Kenyan scientist Dr Peter Gichuhi Mwithera of the Institute of Primate Research, in Nairobi, Kenya has developed a substance that kills the virus that causes AIDS but he must first test his innovation on human beings before releasing the drug to the market.
In 2010, about 1.8 million people died of HIV–AIDS worldwide. In Kenya, 1.6 million people live with the condition which is no longer a death sentence because something is always being done to blunt the sting of the virus. And, you donâ€™t have to cross oceans to see this happening.
At the Karen outskirts of Nairobi, Kenya, an HIV–killing innovation by a Kenyan using ten baboons is in full flight. Better still, the public-funded effort is now set to go for human clinical trials in the country.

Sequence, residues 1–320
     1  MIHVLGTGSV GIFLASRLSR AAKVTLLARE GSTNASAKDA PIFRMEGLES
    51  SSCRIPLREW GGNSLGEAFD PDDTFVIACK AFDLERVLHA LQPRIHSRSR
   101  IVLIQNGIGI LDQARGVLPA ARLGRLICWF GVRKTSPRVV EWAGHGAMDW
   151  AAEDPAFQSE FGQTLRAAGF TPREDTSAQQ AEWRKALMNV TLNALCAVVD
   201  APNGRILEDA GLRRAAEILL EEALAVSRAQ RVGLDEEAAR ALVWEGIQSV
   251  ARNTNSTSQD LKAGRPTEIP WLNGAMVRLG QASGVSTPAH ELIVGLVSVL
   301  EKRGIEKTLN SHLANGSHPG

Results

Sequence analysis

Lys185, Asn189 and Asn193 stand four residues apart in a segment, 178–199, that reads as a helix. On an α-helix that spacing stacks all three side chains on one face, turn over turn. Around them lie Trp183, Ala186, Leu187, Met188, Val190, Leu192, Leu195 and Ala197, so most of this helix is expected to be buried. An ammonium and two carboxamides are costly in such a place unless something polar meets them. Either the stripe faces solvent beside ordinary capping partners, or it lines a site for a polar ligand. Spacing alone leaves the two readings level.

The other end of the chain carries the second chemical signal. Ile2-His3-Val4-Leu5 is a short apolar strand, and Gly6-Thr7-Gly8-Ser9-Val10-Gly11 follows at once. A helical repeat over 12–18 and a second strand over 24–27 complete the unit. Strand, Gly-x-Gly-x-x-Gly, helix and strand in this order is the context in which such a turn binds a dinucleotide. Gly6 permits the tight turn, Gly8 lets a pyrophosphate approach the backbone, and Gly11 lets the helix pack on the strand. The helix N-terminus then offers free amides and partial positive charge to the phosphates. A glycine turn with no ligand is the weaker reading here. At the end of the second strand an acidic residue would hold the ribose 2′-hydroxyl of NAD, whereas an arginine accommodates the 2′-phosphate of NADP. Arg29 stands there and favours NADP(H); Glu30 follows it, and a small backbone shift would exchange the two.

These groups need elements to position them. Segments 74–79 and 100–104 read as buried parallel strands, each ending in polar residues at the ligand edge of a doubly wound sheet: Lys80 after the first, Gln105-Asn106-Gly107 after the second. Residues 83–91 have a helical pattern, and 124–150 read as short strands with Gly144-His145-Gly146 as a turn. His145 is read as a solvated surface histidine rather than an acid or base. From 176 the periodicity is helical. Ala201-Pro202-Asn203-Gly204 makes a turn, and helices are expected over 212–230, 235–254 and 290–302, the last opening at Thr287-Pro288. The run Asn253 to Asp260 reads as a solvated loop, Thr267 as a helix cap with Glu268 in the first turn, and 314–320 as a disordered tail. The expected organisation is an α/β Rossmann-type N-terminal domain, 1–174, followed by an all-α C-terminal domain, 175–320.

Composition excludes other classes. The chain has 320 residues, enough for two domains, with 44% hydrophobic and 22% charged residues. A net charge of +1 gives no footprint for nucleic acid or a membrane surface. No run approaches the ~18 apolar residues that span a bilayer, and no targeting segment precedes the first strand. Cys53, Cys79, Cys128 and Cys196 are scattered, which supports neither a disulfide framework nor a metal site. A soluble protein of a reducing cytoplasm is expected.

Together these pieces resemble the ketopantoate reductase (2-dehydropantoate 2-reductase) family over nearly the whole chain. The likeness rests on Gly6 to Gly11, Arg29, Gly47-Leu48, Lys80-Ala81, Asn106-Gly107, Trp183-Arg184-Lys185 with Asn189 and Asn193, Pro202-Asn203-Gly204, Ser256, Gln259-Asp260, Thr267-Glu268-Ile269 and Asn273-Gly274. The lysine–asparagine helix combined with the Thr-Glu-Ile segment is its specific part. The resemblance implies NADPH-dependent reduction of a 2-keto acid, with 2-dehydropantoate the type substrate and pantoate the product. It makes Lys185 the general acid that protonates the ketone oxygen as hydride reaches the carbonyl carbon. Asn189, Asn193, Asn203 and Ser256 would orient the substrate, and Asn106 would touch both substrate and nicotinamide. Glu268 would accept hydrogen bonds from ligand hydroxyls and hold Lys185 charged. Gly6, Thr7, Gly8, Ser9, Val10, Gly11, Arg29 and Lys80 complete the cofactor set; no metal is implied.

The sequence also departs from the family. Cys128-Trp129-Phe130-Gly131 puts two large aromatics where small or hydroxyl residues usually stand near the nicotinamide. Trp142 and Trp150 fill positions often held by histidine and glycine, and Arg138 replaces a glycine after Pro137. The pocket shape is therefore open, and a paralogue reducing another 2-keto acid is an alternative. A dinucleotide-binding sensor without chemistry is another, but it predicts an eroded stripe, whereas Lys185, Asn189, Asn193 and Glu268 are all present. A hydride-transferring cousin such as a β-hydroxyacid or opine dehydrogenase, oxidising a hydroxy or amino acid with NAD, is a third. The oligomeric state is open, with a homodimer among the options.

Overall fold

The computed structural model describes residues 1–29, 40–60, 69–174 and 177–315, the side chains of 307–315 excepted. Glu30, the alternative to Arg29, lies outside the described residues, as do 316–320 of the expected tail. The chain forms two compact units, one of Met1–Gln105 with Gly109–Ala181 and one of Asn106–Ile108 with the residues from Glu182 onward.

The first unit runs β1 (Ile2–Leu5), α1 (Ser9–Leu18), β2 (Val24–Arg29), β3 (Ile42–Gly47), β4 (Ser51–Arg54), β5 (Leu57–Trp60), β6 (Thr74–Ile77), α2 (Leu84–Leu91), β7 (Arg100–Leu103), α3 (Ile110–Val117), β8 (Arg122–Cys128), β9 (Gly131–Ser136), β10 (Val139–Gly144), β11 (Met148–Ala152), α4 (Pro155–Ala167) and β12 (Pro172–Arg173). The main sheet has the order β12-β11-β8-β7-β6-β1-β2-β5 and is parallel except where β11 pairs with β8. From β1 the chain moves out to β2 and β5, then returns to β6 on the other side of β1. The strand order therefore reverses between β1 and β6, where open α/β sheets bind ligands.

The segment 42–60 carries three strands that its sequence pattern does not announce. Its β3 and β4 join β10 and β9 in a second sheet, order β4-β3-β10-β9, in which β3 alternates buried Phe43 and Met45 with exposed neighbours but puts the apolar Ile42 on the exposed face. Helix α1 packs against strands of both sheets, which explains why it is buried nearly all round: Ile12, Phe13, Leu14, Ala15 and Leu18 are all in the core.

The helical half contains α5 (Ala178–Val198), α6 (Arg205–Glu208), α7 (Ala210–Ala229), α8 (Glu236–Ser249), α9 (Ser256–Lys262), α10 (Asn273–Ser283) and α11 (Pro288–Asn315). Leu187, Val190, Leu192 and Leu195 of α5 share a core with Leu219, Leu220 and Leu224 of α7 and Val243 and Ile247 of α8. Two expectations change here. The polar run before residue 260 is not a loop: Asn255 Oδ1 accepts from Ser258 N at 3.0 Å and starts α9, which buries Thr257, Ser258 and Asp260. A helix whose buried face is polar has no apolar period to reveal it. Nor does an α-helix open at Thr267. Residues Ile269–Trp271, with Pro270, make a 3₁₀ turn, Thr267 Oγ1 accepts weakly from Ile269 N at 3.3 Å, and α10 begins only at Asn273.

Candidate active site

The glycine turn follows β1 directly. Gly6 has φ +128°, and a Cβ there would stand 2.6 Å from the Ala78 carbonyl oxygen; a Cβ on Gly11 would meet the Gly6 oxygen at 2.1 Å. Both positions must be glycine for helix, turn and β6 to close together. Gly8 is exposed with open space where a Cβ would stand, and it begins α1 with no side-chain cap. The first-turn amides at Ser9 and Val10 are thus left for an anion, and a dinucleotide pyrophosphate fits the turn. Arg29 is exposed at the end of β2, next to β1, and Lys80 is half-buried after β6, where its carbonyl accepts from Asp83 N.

The government of Kenya has thrown in Sh50 million (US$ 595,000) to cover the first of three phases of the trials whose background work is already underway.
A moment though; arenâ€™t monkeys naturally immune to HIV? Yes, but non-human primates, such as baboons, are infected by the Simian Immunodeficiency Virus, the equivalent of HIV.
For purposes of research, Kenyan scientists have combined the two viruses to produce what is called SHIV (simian-human immunodeficiency virus) for use in such studies.
â€œWe are very excited about this development,â€ says Dr Jacob ole Miaron the Permanent Secretary in the Ministry of State for National Heritage.
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